Diverse and variable clinical features, a loose genotype–phenotype relationship, and presentation to different medical specialties have all hindered attempts to gauge the epidemiological impact of mitochondrial DNA (mtDNA) disease. Nevertheless, a clear understanding of its prevalence remains an important goal, particularly about planning appropriate clinical services. Consequently, the aim of this study was to accurately define the prevalence of mtDNA disease (primary mutation occurs in mtDNA) in the working-age population of the North East of England.
Adults with suspected mitochondrial disease in the North East of England were referred to a single neurology center for investigation from 1990 to 2004. Those with pathogenic mtDNA mutations were identified and pedigree analysis performed. For the midyear period of 2001, we calculated the minimum point prevalence of mtDNA disease for adults of working age (>16 and <60/65 years for female/male patients, respectively).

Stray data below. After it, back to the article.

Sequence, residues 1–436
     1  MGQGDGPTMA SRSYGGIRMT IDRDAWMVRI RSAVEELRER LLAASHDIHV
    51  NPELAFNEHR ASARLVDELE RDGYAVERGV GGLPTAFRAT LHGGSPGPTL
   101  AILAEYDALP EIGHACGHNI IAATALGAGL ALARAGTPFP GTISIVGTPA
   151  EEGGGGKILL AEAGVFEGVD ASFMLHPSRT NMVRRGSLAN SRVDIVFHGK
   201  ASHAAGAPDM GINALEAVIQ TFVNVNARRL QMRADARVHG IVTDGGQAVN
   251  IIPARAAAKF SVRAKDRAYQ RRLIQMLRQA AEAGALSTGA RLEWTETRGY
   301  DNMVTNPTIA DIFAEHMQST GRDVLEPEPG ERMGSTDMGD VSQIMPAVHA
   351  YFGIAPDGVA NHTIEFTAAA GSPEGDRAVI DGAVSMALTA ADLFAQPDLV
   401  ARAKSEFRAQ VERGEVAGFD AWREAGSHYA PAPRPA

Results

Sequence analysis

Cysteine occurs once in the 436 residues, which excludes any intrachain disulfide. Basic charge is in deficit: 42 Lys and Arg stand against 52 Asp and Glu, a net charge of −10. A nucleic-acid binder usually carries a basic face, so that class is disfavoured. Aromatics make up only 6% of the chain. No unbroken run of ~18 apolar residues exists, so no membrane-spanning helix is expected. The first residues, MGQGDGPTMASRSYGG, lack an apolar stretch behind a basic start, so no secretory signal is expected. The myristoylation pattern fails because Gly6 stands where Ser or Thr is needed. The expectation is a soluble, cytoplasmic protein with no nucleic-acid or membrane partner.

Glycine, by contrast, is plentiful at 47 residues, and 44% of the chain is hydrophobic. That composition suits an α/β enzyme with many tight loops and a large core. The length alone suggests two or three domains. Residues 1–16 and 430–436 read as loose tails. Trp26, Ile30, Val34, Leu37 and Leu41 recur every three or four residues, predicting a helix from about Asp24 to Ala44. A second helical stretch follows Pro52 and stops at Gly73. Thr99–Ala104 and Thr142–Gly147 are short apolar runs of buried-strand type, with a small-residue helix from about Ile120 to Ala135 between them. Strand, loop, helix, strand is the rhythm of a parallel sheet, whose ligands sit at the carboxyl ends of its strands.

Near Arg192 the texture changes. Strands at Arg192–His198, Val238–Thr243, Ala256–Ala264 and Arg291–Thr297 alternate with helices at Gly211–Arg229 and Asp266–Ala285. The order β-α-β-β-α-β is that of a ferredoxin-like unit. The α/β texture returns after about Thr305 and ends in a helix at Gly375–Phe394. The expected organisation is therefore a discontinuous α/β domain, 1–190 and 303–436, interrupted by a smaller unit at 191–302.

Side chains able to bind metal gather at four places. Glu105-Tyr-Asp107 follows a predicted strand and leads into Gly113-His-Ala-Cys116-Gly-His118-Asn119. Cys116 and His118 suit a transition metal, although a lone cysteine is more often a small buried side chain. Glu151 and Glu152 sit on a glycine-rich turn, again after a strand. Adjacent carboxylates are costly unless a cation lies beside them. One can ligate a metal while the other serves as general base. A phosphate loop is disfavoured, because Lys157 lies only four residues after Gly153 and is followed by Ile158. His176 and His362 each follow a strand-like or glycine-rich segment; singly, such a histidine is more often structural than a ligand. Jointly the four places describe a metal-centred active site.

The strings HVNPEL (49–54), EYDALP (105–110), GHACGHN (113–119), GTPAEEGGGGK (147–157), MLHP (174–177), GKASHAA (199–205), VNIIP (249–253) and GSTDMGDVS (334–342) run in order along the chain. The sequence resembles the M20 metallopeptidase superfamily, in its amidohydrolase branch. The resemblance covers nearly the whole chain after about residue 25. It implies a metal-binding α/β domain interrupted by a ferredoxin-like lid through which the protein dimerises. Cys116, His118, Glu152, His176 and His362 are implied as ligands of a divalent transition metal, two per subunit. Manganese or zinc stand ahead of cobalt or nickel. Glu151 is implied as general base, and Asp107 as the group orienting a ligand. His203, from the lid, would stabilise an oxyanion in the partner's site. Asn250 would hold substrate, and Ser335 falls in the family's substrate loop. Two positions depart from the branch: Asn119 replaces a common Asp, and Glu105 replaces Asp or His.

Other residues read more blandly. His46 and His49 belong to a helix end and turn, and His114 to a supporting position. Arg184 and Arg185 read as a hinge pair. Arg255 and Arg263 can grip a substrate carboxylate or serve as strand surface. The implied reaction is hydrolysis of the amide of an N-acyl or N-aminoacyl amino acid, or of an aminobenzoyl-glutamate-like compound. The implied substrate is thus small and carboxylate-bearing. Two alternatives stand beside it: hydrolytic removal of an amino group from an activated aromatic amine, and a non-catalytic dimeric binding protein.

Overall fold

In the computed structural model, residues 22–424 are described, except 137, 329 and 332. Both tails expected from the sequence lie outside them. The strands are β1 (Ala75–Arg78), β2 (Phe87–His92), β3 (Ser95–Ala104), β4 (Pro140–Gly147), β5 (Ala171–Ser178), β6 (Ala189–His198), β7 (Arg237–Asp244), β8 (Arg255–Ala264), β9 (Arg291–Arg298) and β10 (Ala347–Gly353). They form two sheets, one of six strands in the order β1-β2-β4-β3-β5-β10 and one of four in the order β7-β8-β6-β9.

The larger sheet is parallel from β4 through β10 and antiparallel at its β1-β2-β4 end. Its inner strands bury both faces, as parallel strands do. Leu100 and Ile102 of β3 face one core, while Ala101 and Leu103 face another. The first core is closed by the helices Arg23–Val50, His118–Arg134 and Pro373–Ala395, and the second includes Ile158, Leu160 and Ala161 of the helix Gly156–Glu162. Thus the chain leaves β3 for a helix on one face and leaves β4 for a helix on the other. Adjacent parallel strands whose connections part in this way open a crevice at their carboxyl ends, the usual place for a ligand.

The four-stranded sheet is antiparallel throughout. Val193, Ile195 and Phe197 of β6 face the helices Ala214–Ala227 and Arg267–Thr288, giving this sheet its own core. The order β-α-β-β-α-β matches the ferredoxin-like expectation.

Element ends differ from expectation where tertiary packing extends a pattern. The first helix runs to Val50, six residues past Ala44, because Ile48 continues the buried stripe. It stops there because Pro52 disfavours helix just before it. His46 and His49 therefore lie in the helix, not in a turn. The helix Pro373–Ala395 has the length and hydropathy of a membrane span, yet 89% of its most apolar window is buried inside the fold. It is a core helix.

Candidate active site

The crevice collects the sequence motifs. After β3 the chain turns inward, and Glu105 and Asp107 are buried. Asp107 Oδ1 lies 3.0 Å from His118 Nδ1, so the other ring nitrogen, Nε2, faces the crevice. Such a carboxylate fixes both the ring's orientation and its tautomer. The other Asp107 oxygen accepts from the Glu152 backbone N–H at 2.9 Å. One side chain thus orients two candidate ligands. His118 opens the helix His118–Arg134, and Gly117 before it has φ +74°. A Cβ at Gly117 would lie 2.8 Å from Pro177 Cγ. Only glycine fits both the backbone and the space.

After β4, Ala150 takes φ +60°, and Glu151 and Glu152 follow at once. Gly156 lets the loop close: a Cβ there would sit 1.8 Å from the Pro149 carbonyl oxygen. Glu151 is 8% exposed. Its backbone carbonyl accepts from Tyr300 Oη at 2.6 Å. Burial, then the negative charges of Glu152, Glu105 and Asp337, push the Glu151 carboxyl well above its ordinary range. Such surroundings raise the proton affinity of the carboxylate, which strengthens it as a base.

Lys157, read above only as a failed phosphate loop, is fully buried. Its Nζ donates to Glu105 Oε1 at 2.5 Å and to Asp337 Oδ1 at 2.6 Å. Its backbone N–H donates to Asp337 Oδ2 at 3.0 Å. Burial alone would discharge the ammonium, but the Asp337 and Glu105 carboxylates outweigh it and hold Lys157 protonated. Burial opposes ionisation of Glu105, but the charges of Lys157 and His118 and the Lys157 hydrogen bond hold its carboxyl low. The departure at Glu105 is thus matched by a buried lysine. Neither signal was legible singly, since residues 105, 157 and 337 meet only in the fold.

In this population, we found that 9.2 in 100,000 people have clinically manifest mtDNA disease, making this one of the commonest inherited neuromuscular disorders. In addition, a further 16.5 in 100,000 children and adults younger than retirement age are at risk for development of mtDNA disease.
Through detailed pedigree analysis and active family tracing, we have been able to provide revised minimum prevalence figures for mtDNA disease. These estimates confirm that mtDNA disease is a common cause of chronic morbidity and is more prevalent than has been previously appreciated. Ann Neurol 2007